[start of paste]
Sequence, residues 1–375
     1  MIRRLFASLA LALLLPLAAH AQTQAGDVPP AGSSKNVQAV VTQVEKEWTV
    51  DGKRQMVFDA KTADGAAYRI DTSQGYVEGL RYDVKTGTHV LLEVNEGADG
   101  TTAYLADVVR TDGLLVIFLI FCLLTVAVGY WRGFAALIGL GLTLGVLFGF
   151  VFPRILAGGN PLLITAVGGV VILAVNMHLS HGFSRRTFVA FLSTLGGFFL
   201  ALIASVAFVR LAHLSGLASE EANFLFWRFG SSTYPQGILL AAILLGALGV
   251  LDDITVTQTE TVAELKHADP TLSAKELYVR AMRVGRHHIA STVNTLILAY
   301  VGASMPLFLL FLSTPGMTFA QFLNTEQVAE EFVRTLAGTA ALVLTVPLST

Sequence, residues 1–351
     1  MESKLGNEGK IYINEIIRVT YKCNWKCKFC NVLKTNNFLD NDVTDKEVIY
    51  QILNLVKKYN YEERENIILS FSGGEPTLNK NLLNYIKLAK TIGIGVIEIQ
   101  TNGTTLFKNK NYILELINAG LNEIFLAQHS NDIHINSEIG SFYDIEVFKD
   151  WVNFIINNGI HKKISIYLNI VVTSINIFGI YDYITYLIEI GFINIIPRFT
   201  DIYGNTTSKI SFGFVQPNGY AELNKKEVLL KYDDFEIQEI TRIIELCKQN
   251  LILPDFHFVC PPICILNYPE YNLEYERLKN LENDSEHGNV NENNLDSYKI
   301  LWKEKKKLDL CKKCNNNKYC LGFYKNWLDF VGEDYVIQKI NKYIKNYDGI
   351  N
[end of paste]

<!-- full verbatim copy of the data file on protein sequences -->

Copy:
Sequence, residues 1–375
     1  MIRRLFASLA LALLLPLAAH AQTQAGDVPP AGSSKNVQAV VTQVEKEWTV
    51  DGKRQMVFDA KTADGAAYRI DTSQGYVEGL RYDVKTGTHV LLEVNEGADG
   101  TTAYLADVVR TDGLLVIFLI FCLLTVAVGY WRGFAALIGL GLTLGVLFGF
   151  VFPRILAGGN PLLITAVGGV VILAVNMHLS HGFSRRTFVA FLSTLGGFFL
   201  ALIASVAFVR LAHLSGLASE EANFLFWRFG SSTYPQGILL AAILLGALGV
   251  LDDITVTQTE TVAELKHADP TLSAKELYVR AMRVGRHHIA STVNTLILAY
   301  VGASMPLFLL FLSTPGMTFA QFLNTEQVAE EFVRTLAGTA ALVLTVPLST

Sequence, residues 1–351
     1  MESKLGNEGK IYINEIIRVT YKCNWKCKFC NVLKTNNFLD NDVTDKEVIY
    51  QILNLVKKYN YEERENIILS FSGGEPTLNK NLLNYIKLAK TIGIGVIEIQ
   101  TNGTTLFKNK NYILELINAG LNEIFLAQHS NDIHINSEIG SFYDIEVFKD
   151  WVNFIINNGI HKKISIYLNI VVTSINIFGI YDYITYLIEI GFINIIPRFT
   201  DIYGNTTSKI SFGFVQPNGY AELNKKEVLL KYDDFEIQEI TRIIELCKQN
   251  LILPDFHFVC PPICILNYPE YNLEYERLKN LENDSEHGNV NENNLDSYKI
   301  LWKEKKKLDL CKKCNNNKYC LGFYKNWLDF VGEDYVIQKI NKYIKNYDGI
   351  N